While the extreme volatility since the start of 2016 has been extraordinary, it is important to keep in mind some basic lessons on investing.

  1. Stocks are fractional shares of businesses.
  2. Every business has an intrinsic value, which is calculated by fundamental analysis of the balance sheet, cash flows, and qualitative measures such as competitive advantages etc.
  3. Stock prices change every day, while business values change over much longer periods of time. (Imagine owning a restaurant or construction company.  Do short-term fluctuations to stock prices matter?)
  4. Over time stock prices and business values converge.
  5. By buying businesses at deep discounts to intrinsic value, one can ensure an adequate margin of safety and strong upside potential.

Over the weekend I compiled a diversified list of U.S. companies and looked at their fluctuations from their 52-week highs.  Most of these we don’t own in any size.  I didn’t cherry-pick specific industries as I just wanted to use the table as an example.  As can be seen, every stock regardless of industry is down.  Just about all of these companies are or until recently, were considered to be strong financially.  Most of the stocks on the list are down well over 20% and you can see the devastation that has hit the commodity sector. Industrials such as United Technologies and Caterpillar have also been hit incredibly hard as the U.S. dollar’s strength has generated material headwinds to their international businesses.  Globally stocks are in a bear market.  There are a few large-cap U.S. stocks which distort the numbers somewhat to reflect less damage than internationally, but they also happen to be some of the most expensive stocks from a valuation perspective so they are ripe for a fall.

It is important to understand that as stocks go down, they get cheaper.  Ultimately, this means they become safer investments despite the fact that the declining prices often creates an atmosphere of panic.  Many market participants aren’t focusing on fundamental analysis.  Trading volumes are dominated by algorithmic programs or ETFs, which can drive prices far lower or higher, without a material change to the fundamentals.  This is just part of investing in stocks and volatility is 100% to be expected.  At T&T Capital Management (TTCM), we focus on the fundamentals and take a long-term perspective. This is why we are not scared that bank stocks have declined along with the general market as that is to be expected in the short-term during a market panic.  The reality is that these companies have never been stronger financially.  The big banks’ have on average, about 2% exposure to energy in their loan portfolios and these loans are asset-backed, meaning severities aren’t likely to be very high.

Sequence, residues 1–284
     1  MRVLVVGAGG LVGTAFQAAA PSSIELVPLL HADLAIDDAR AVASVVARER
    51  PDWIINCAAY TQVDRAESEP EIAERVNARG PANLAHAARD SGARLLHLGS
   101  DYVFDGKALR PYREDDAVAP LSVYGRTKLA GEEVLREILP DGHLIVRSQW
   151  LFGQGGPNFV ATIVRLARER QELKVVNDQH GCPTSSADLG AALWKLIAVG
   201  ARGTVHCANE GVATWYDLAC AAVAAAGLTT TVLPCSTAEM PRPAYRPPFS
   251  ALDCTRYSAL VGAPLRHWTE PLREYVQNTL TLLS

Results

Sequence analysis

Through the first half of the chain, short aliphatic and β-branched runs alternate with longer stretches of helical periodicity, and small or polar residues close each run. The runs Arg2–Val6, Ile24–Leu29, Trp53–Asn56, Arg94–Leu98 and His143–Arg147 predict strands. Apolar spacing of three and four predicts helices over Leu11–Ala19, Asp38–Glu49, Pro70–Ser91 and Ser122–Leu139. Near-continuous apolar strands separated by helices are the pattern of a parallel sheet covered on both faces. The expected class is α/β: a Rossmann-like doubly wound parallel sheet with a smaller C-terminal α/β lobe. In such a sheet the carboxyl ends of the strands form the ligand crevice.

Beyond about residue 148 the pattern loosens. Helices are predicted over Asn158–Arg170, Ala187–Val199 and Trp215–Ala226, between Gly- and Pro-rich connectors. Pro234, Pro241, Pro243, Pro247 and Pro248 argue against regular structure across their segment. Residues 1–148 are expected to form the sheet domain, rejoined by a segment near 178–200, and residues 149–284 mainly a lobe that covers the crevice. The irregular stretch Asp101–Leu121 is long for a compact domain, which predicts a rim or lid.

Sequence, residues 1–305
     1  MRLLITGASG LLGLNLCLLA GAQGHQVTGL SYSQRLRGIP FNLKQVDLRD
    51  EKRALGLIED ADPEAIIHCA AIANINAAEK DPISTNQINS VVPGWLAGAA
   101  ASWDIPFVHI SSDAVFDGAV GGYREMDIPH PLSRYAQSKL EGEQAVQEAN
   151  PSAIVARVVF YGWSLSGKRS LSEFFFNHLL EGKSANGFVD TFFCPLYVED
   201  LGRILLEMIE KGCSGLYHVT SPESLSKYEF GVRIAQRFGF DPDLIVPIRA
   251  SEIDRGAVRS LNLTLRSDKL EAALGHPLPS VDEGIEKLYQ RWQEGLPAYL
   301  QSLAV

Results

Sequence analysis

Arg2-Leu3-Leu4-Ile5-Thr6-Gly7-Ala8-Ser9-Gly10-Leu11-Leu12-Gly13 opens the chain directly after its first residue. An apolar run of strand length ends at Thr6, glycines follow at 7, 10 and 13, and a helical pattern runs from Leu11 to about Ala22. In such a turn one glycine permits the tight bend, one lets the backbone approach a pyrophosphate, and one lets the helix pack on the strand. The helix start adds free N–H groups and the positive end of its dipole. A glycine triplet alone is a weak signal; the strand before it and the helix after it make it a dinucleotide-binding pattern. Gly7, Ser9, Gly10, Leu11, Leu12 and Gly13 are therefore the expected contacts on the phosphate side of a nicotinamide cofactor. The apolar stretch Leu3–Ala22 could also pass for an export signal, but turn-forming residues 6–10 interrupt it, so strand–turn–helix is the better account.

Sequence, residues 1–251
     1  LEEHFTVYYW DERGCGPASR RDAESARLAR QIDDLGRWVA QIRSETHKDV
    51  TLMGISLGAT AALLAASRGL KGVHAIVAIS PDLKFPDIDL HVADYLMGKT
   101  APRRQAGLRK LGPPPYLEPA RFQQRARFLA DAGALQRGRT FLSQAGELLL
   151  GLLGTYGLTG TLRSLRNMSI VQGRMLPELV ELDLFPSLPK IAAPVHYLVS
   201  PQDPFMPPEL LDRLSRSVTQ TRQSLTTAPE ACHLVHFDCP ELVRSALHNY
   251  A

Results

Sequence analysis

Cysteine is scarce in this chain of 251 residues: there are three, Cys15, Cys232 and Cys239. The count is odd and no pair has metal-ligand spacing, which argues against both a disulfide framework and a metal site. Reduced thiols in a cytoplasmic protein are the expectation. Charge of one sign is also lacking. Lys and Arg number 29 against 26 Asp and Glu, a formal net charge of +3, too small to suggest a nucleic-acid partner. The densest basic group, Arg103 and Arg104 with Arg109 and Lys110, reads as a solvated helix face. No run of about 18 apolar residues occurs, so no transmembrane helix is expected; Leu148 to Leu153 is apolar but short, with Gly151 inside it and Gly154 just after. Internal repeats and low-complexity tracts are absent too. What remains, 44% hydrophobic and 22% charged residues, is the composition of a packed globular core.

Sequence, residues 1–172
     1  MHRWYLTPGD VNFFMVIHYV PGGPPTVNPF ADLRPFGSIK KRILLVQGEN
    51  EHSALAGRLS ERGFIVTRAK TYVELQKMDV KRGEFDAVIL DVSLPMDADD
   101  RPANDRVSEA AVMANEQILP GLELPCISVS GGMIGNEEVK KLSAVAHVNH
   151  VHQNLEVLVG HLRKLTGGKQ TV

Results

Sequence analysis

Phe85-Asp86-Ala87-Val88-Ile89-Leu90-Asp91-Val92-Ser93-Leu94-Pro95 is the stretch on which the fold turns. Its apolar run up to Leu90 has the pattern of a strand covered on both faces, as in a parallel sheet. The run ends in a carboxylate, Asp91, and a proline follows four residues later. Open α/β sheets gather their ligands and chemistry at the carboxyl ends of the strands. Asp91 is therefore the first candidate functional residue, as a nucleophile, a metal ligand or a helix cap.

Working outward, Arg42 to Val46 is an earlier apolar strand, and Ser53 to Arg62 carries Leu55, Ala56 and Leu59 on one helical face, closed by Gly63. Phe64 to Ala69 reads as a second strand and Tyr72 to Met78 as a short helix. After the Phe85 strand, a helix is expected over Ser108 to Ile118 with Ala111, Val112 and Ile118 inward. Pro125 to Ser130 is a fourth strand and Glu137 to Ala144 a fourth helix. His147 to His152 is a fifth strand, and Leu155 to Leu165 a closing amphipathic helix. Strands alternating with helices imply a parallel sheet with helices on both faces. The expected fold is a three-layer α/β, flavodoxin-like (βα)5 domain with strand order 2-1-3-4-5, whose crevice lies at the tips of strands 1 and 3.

Key areas such as housing, automobiles, and consumer credit are very strong.  U.S. GDP is expected to grow by 2.4% but even if growth is 1.8-2%, the lack of a recession would likely be a huge boom for most stocks we own.  Over the last month the correlation between daily moves in the price of Brent Crude Oil and the S&P 500 index is 97%, which is the highest correlation to any comparable period in the last 26 years.  Oil has a supply issue much more than a demand issue.  The decline in oil prices benefits various industries and certainly benefits consumers.  This correlation is not logical over the long-term and is just one reason why I believe that this correction will prove to be temporary.  We are finding some of the most attractive investment opportunities that we have had since 2011 or even 2009 in some cases, so the worst thing one can do is to panic.  For those that have cash on the sidelines, now is a great time to add to IRAs or any type of account as the reward/risk is great.  If you don’t have cash free, the key thing to do is just let your portfolio play out.  These stocks can move up just as quickly as they can move down.  It is impossible to pick bottoms or tops, but by using a consistent value approach over the long-term we can take advantage of the ebbs and flows of the market. It is not uncommon for the average stock to move by 30-50% in a year, so one must use the fundamentals as the basis for investment rationale as opposed to reacting purely from inevitable price movements.  Thank you very much and let me know if you have any questions at all!

Examining the Carnage